The story of the African-American experience in Missouri is told through the personal papers of individuals and families as well as the records of black organizations and churches. Civil War pensions shed light on the aftermath of the war, while photographs, letters, scrapbooks, writings, and newspapers provide insight into the daily life of African Americans living in the state. The State Historical Society of Missouri is pleased to make available these rich resources that document their lives as Missourians.
The resources on this page have been adapted from a chapter of the book Race and Meaning: The African American Experience in Missouri by Gary Kremer. If you have suggestions for other resources for African-American research in Missouri, please email them to us at email@example.com.
Since the first French settlers came to the region we know now as Missouri in the 1700s, African Americans have played a substantial role in the state's history. Initially brought here as slaves to work in the mines of southeast Missouri, they also served as farm laborers, servants, seamstresses, nursemaids, cooks, and common laborers. A small number of free blacks also lived in Missouri during the antebellum period, concentrated primarily in St. Louis. During the latter years of the Civil War, thousands of African Americans joined the Union war effort as a way of gaining their own personal freedom, but also as a way of ending slavery in the state and nation.
With freedom came new struggles. As a border state settled largely by emigrants from the South, Missouri remained very racially divided in the Post-Civil War era, well into the twentieth century. Civil rights leaders such as James Milton Turner fought for educational opportunity as well as full rights of citizenship for freedmen, while black residents of communities such as Pennytown, Morocco, and Eldridge sought to escape oppression and seek economic opportunity through the solidarity of numbers. African Americans created their own schools, churches and fraternal and sisterhood organizations as a way of taking control of their lives and their futures.
Missouri's two major cities, Kansas City and St. Louis, attracted large numbers of Great Migration migrants during the era of World War I through World War II. Black suburbs such as Kinloch in St. Louis and Leeds in Kansas City emerged as important transitional communities that helped rural African Americans adjust to urban life. Thanks to educational opportunities offered by all-black Lincoln Institute (later Lincoln University), African Americans began entering a variety of professions as scientists, businesspeople, educators, musicians, entertainers, writers, and athletes. They also founded their own newspapers such as the Kansas City Call, the St. Louis American, the Weekly Conservator (Sedalia), and the Professional World (Columbia). Lawsuits brought by students such as Lloyd Gaines and Lucile Bluford paved the way for African Americans to attend the University of Missouri, while the St. Louis-based Shelley v. Kraemer case (1948) challenged racial segregation in neighborhoods throughout the state and nation.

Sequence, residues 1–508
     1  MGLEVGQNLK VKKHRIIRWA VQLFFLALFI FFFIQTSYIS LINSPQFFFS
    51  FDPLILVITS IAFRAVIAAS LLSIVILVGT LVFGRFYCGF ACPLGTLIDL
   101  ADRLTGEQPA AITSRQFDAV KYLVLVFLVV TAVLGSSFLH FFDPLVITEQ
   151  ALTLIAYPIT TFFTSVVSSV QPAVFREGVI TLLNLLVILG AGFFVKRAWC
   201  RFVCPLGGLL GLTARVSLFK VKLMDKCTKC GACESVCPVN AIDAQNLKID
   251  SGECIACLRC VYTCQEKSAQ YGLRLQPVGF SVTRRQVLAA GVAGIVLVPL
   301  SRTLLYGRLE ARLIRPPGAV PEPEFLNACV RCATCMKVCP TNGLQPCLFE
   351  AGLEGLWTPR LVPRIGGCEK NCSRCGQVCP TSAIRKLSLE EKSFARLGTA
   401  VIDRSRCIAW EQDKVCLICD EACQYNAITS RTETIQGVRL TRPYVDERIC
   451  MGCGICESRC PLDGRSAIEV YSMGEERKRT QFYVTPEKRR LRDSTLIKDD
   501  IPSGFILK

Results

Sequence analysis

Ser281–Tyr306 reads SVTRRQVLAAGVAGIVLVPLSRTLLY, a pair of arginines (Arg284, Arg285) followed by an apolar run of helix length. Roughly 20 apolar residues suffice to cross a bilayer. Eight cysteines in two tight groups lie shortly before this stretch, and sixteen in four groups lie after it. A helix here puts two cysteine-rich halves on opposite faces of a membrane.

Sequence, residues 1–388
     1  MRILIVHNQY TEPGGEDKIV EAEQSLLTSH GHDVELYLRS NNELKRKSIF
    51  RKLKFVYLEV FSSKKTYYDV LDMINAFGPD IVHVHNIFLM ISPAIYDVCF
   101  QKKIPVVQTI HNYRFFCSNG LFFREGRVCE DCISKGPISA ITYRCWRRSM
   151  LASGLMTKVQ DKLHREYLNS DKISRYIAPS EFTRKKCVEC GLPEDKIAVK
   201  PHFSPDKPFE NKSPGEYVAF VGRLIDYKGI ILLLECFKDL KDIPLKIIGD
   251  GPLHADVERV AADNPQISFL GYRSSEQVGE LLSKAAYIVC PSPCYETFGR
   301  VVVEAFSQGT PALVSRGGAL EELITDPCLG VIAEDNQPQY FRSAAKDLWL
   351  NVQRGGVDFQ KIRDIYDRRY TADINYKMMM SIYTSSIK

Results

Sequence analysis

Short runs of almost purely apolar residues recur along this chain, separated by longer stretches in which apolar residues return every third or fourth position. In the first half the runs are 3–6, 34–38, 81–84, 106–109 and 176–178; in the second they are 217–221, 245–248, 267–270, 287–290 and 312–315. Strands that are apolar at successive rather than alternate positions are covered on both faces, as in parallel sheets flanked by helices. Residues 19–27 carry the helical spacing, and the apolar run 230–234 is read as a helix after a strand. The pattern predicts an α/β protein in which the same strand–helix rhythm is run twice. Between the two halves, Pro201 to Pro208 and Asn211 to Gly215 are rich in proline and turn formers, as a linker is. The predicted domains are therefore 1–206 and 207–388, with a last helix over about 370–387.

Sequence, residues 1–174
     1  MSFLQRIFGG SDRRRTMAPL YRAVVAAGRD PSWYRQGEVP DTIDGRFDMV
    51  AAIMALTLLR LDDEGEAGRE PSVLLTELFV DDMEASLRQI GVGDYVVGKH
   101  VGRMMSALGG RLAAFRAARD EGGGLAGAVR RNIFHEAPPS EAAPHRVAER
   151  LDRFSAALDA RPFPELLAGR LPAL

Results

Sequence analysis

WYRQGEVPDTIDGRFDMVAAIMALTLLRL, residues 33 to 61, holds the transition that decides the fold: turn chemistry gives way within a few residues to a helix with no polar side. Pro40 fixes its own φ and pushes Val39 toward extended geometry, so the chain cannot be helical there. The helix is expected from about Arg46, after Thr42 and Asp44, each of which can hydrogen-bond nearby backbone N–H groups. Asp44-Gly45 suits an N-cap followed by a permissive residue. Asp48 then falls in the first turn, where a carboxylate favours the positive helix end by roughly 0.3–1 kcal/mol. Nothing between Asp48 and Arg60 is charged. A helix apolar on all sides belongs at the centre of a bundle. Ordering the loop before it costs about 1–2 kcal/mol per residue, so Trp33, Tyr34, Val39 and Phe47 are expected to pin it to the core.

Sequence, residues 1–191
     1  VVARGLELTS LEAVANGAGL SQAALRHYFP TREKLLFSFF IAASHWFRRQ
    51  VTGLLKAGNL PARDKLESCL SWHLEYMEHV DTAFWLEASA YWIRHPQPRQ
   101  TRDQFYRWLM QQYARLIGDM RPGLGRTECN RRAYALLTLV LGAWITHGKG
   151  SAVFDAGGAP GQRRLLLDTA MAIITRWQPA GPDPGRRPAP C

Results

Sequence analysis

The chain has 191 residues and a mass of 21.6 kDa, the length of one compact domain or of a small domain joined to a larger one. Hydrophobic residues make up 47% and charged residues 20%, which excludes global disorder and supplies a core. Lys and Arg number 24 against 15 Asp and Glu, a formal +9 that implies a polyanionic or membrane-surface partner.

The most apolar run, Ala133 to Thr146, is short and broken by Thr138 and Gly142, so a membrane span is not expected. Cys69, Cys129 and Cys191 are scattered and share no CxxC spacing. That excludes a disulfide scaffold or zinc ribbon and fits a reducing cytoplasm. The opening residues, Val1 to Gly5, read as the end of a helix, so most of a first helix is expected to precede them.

During the Civil Rights Era, African Americans intensified their fight for the same rights held by whites. Civil Rights organizations such as the National Association for the Advancement of Colored People, the Urban League, the Missouri Association for Social Welfare, and, later, the Congress on Racial Equality led the way as African Americans and their supporters sought to integrate schools, restaurants, hotels, restrooms, and other public spaces.
- therton, Lewis E. "Life, Labor, and Society in Boone County, Missouri, 1834-1852, As Revealed in the Correspondence of an Immigrant Slave Owning Family from North Carolina."
Part 1: Missouri Historical Review 38, no. 3 (April 1944): 277-304.
Part 2: Missouri Historical Review 38, no. 4 (July 1944): 408-429.
- Baltimore, Lester B. "Benjamin F. Stringfellow: The Fight for Slavery on the Missouri Border."
Missouri Historical Review 62, no. 1(October 1967): 14-29.
- Bellamy, Donnie D. "Free Blacks in Antebellum Missouri, 1820-1860."
Missouri Historical Review 67, no. 2 (January 1973): 198-226.
- Bierbaum, Milton E. "Frederick Starr. A Missouri Border Abolitionist: The Making of a Martyr."
Missouri Historical Review 58, no. 3 (April 1964): 309-325.
- Blassingame, John W. "The Recruitment of Negro Troops In Missouri During The Civil War."
Missouri Historical Review 58, no. 3 (April 1964): 326-337.
- Bogle, Lori. "Desegregation in a Border State: The Example of Joplin, Missouri."
Missouri Historical Review 85, no. 4 (July 1991): 422-440.
- Bowen, Elbert R. "Negro Minstrels in Early Rural Missouri."
Missouri Historical Review 47, no. 2 (January 1953): 103-109.
- Christensen, Lawrence. "Black Education in Civil War St. Louis."
Missouri Historical Review, 95, no. 3 (April 2001): 302-316.
"J. Milton Turner: An Appraisal."
Missouri Historical Review 70, no. 1 (October 1975): 1-19.
"Race Relations in St. Louis 1865-1916."
Missouri Historical Review 78, no. 2 (January 1984): 123-136.
"Schools for Blacks: J. Milton Turner in Reconstruction Missouri."
Missouri Historical Review 76, no. 2 (January 1982): 121-135.
"The Popular Image of Blacks vs. the Birthrights."
Missouri Historical Review 81, no. 1 (October 1986): 37-52.
"William D. Swinney: Howard County Slaveholder and Entrepreneur."
Missouri Historical Review 108, no. 4 (July 2014): 236-252.
- Cunningham, Roger D. "Kansas City's African American 'Immunes' in the Spanish-American War."
Missouri Historical Review 100, no. 3 (April 2006): 141-158.
- Dunson, A.A. "Notes on the Missouri Germans on Slavery."
Missouri Historical Review 59, no. 3 (April 1965): 355-366.
- Dyer, Thomas G. "'A Most Unexampled Exhibition of Madness and Brutality': Judge Lynch in Saline County, Missouri, 1859."
Part 1: Missouri Historical Review 89, no. 3,(April 1995): 269-289.
Part 2. Missouri Historical Review 89, no. 4,(July 1995): 367-383.
- Efford, Alison Clark. "Race Should be as Unimportant as Ancestry: German Radicals and African American Citizenship in the Missouri Constitution of 1865."